In order to assess association of bacterial taxa with oxidative stress markers, we needed to detect temporal variability of the oral microbiome composition on the intra-individual level. In general, the temporal variability of the microbiome detected in our cohort of healthy volunteers (as measured by the Taylor’s parameter V) was lower than the variability detected in perturbed microbiomes previously studied using similar method.29 However, even slight temporal variations in the oral microbiome composition provided important data for intra-individual correlation analysis in this study. The design of the vast majority of microbiome studies does not take into account intra-individual temporal variability, which can be in fact very informative on the health status of the host.29 Our results are in accordance to the study of Gonze et al.48, which demonstrated that a microbiome may adopt one or another distinct state in the same environmental conditions, meaning that intra-individual temporal variability does not have to correlate necessarily with the changes of the environmental conditions. Interestingly, the intra-individual variability of the microbiome has been identified as the major cause of contradictory results reported by different biomedical studies.49,50 As shown in this study, an individual can have an unstable microbiome composition (expressed by the variability parameter V, Fig. 1), even being considered a healthy subject, thus a realistic picture of subject’s microbiome cannot be captured by collecting only one sample per individual. The computational simulation revealed that contradictory correlation analysis results may be obtained, if only one sample per volunteer is collected. For example, if single samples from the 26 volunteers are collected in 1000 different studies and analysed for correlations between Rothia.OTU15862 and TBARS, 22.2% of the studies would report a negative correlation, while 0.1% would report a positive correlation, and 77.7% would report no significant correlation. In comparison, our intra-individual correlation analysis found negative correlations in two volunteers and a positive correlation in one volunteer, while in the remaining volunteers the Rothia.OTU15862-TBARS pair resulted in no significant correlations. Another advantage of using correlation analysis on intra-individual level is in the possibility of identifying lagged correlations. The identification of lagged correlations was very important in the present study, as increased production of ROS may not necessarily start at the moment of overgrowth of a pathobiont, but it may be delayed by several days.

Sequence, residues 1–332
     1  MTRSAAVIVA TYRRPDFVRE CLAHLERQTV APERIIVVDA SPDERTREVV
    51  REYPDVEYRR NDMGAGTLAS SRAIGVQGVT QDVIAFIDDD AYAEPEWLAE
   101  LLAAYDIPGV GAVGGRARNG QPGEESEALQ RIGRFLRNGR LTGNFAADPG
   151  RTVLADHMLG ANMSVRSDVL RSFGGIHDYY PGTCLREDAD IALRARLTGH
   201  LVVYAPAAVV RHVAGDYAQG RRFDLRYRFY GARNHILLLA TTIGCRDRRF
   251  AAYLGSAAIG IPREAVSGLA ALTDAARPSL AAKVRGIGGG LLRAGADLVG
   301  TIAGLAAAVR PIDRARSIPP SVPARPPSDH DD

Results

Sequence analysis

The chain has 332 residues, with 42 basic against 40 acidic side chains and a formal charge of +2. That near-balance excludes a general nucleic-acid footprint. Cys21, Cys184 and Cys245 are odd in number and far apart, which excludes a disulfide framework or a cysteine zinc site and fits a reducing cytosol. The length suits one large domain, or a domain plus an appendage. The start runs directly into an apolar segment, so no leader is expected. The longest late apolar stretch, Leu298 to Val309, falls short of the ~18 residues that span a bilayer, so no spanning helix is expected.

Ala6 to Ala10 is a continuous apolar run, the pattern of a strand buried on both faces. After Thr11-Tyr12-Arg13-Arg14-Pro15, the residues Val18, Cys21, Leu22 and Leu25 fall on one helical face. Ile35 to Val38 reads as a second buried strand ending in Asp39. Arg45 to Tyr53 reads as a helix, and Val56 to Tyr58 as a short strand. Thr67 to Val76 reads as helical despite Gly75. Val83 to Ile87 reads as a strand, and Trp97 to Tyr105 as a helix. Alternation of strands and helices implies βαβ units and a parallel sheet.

The detected correlation patterns between oxidative stress markers, between bacterial species and between markers and bacteria were unique for each volunteer. However, we also found some correlations which were highly consistent on intra-individual level in our cohort, e.g., negative correlation between Streptococcus-OTU0 and Rothia-OTU1, positive correlation between FRAS and TAC, etc. In addition, the Lotka-Volterra set of equations has proved the uniqueness of each volunteer interaction matrix. Interaction-based models, such as Lotka-Volterra equations, are more robust to extract biologically relevant interactions in the ecosystem than correlation models.31

The set of low-abundance species (0.1–5.4% average proportion), which were mostly individual-specific, contributed to the most of the microbiome temporal variability and correlated with the oxidative stress markers more often than the more prevalent species (such as Rothia and Streptotoccus parasanguinis). For example, S. mutans was one of the less prevalent species and it had significant correlations with the oxidative stress markers in the highest number of volunteers in our cohort. However, these correlations were not confirmed in all volunteers. Though, S. mutans is capable of producing ROS in vitro,51,52 its activity may be hampered by other species in the oral microbial community. It is possible that other bacterial species may inhibit S. mutans ROS production, particularly in the samples in which S. mutans did not correlate with oxidative stress markers. In addition, these volunteers are likely to contain other bacterial species that stimulate ROS production or benefit from ROS production to increase their biological niche in anoxic regions.53,54 Nevertheless, S. mutans was the bacterial species with one of the most pronounced correlations with the oxidative stress markers which supports its important role in caries pathogenesis.